The purpose of this document is to show how to implement some of the most important VSCP features on a CAN bus using Atmel devices (AT90CAN32).
As I write those lines, I have never used VSCP before, therefore I will describe the process step by step as I learn how to use VSCP.
As the name of this page says, this page is intended for begginers, however you need to have some knowledge to be able to start. What you need is:
I use a Linux computer to create the code and program the devices:
You might also need those tools or the equivalents for your computer's operating system.
As an example, with the knowledge I have, I have been able to send a message on the CAN bus from one chip, receive it with another chip on the bus and print this message on a computer's screen via UART interface (all this without using VSCP yet). This is the basic skills I have at the moment.
In fact I'd like to make this documentation easy enough to follow that you only need to know how to make a LED blinking with a AT90CANXXX.
Below is what we expect from the outcome of this test.
First, according to VSCP specification, both chip A and B will start, the status LED should blink until the start-up process is completed. When start-up is completed, both status LEDs should be steady, both devices will get their nicknames and be ready to operate.
The operational functionality should be as per below:
It seems fairly simple, let's see if we'll be able to make it work
There is the hardware used for this project:
Yes, you've never seen such an ugly test board, however, it works and might be good enough to start with. We'll see later if I can make a nice SMD PCB .
VSCP specification says you need a switch on each node to start the init process for nickname discovery. Because only one node per time can perform the nickname discovery. If a nickname is already assigned, the node go direct to active state without any user interaction. Also a status led needs to be added to get visual information about the init status.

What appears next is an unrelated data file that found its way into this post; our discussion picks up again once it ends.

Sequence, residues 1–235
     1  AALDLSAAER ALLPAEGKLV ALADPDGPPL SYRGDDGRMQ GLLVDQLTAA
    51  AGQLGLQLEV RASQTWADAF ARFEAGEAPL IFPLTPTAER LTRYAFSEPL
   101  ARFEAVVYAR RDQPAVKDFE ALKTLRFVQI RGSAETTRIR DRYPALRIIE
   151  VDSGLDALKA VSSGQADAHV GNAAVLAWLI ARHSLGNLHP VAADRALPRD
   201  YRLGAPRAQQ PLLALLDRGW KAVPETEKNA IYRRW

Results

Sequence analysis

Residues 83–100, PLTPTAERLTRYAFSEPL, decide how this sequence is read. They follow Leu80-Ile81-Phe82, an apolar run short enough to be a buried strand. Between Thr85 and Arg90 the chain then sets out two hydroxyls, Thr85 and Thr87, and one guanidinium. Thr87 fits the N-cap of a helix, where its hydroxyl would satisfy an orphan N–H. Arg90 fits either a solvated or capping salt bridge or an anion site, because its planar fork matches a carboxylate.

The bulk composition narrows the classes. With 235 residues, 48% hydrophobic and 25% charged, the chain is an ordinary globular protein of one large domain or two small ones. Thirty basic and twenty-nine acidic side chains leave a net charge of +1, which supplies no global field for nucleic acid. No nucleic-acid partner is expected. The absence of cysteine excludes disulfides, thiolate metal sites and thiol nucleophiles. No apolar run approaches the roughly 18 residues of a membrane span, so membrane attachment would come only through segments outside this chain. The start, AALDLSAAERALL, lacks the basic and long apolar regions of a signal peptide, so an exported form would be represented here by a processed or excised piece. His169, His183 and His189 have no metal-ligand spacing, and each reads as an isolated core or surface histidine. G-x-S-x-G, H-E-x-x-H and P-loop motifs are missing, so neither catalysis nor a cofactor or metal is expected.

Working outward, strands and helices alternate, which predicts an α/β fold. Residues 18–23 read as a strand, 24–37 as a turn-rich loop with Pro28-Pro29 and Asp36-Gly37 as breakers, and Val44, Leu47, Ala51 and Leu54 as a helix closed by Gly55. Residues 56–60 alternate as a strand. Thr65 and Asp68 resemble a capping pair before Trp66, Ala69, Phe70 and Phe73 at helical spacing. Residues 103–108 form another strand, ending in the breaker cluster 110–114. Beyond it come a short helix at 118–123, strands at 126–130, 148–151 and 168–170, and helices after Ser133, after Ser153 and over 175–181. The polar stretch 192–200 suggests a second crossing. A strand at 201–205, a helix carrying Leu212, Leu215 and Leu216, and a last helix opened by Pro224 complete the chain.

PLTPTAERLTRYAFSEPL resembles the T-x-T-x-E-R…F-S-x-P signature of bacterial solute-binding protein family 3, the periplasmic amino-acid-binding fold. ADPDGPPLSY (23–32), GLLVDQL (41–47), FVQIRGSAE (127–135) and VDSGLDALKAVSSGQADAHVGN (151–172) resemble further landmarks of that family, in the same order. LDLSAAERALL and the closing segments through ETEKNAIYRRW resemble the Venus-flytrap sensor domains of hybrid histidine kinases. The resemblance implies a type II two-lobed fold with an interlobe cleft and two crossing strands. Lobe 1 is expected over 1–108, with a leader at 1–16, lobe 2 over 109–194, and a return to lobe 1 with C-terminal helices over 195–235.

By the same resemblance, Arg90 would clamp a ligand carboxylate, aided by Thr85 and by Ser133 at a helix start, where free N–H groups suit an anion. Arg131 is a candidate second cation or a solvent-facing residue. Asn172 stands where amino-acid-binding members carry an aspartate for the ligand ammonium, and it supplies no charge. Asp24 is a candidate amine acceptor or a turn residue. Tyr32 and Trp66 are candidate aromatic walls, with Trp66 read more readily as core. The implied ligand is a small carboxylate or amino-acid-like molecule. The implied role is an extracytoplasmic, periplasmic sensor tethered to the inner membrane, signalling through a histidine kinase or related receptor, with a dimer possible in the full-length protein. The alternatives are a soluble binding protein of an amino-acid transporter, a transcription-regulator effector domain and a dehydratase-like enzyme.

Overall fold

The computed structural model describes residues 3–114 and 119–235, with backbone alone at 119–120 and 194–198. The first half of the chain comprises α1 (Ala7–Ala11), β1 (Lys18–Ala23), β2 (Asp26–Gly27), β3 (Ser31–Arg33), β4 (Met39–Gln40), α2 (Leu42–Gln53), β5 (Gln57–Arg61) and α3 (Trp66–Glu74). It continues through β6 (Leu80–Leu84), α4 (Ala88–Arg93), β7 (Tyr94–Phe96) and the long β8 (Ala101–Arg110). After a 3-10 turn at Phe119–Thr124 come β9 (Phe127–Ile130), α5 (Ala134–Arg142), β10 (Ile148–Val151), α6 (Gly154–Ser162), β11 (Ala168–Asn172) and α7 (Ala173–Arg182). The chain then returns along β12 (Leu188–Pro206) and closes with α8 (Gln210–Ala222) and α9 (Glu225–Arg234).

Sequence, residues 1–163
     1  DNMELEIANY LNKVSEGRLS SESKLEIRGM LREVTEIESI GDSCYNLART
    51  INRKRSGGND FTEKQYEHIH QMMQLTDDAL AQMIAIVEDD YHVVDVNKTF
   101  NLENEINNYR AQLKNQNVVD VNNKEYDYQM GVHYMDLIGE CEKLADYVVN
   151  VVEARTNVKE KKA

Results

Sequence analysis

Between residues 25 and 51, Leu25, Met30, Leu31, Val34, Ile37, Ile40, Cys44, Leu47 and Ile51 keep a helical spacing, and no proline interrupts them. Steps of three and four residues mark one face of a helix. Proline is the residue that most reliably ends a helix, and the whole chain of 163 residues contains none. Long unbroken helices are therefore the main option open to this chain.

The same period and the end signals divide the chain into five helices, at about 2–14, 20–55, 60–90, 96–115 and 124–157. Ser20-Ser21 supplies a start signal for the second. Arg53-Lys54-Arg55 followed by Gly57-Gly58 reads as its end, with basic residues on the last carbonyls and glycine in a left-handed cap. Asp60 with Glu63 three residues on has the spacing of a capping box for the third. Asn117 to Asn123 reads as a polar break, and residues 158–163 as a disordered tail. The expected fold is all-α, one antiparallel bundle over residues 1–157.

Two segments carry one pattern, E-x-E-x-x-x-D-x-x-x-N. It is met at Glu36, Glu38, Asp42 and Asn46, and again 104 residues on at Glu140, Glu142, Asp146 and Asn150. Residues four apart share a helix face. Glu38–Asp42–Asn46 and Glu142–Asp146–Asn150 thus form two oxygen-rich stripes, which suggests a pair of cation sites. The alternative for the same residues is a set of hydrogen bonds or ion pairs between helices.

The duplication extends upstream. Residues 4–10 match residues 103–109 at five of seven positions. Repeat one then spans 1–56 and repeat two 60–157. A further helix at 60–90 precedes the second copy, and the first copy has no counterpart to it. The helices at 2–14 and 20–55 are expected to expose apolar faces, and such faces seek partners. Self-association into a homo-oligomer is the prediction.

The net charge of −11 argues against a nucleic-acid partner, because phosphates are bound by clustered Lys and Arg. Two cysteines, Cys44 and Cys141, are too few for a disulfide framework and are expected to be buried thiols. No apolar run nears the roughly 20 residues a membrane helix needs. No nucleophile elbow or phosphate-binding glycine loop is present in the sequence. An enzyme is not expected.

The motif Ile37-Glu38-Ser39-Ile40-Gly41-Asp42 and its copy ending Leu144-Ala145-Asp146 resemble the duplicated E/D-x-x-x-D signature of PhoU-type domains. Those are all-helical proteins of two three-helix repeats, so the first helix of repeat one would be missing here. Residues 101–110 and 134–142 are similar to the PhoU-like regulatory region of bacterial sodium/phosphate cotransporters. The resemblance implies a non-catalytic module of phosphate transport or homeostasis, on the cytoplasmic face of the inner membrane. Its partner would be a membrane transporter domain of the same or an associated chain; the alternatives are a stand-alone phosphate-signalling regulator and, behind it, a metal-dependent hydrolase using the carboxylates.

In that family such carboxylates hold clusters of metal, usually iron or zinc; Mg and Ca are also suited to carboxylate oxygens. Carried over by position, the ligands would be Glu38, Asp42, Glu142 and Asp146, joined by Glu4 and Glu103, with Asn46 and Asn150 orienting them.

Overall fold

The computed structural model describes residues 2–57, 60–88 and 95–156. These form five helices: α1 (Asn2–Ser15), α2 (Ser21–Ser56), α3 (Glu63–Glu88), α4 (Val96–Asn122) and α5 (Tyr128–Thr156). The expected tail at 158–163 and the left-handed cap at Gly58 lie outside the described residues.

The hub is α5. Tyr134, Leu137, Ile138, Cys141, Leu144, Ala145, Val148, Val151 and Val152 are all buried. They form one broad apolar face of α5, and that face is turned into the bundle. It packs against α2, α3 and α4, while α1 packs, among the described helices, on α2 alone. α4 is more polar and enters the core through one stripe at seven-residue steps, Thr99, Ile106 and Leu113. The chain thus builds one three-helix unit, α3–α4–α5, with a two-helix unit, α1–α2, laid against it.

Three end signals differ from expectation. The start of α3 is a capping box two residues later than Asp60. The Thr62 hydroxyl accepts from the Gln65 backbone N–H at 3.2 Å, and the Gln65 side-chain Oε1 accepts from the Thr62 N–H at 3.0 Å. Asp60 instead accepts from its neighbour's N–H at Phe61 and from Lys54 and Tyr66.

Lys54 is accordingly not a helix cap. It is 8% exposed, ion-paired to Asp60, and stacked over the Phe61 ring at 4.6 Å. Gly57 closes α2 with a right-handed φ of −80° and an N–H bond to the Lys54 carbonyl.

The chips are AT90CAN32, they only come in SMD packages that's why you need to have them on break-out PCBs to be able to use them on a breadboard. That's the alternative I have found, I'm sure you can find a much better solution.
You need to set the AT90CAN32 with 16MHz external crystal, in order to do so issue the following command:
avrdude -p c32 -P usb -c avrispmkII -U lfuse:w:0xEE:m
That's all we need for the hardware, let's start the fun stuff!
You need to install a git client, on the Linux distribution used in this example (Gentoo), the package is simply called 'git'.
cd /home/mamac/Electronic/ mkdir vscp
git clone https://github.com/grodansparadis/vscp_firmware git clone https://github.com/grodansparadis/vscp_software
You can go and get a cup of coffee, this takes a while.
I created a new directory ~/Electronic/vscp/vscp_firmware/avr/demo_AT90CAN32/ where I placed all necessary code for a demo program. This directory has been created based on demo_vscp_node_can128. You can find this directory in the git repository.
The VSCP project team has kindly created a bunch of headers and .c files that you should include into your project folder.
You need to create some project specific files and make a reference to common VSCP files:
In order to get the Makefile to work, you need to set global variables called VSCP_HOME, VSCP_FIRMWARE and VSCP_SOFTWARE, with Linux you can add lines in your .bash_profile:
export VSCP_HOME=~/Electronic/vscp/vscp_software export VSCP_SOFTWARE=~/Electronic/vscp/vscp_software export VSCP_FIRMWARE=~/Electronic/vscp/vscp_firmware
At this stage of the preparation you should be able to build the demo code and program the device.
Below is a command that can be used to build the code and write it onto the devices (both TX and RX devices) Using Linux with avr-gcc and avrdude:
make clean && make && /usr/bin/avrdude -p c32 -P usb -c avrispmkII -U flash:w:demo_vscp_node_can32.hex -U eeprom:w:demo_vscp_node_can32_eeprom.hex
Once programmed, the device should execute the init process, the video below show the init process of one node:
A second video shows the init process on both nodes and control of LEDs using switches:
You can move on to the PART 2 to see how to read CANbus messages on your computer using VSCP Works.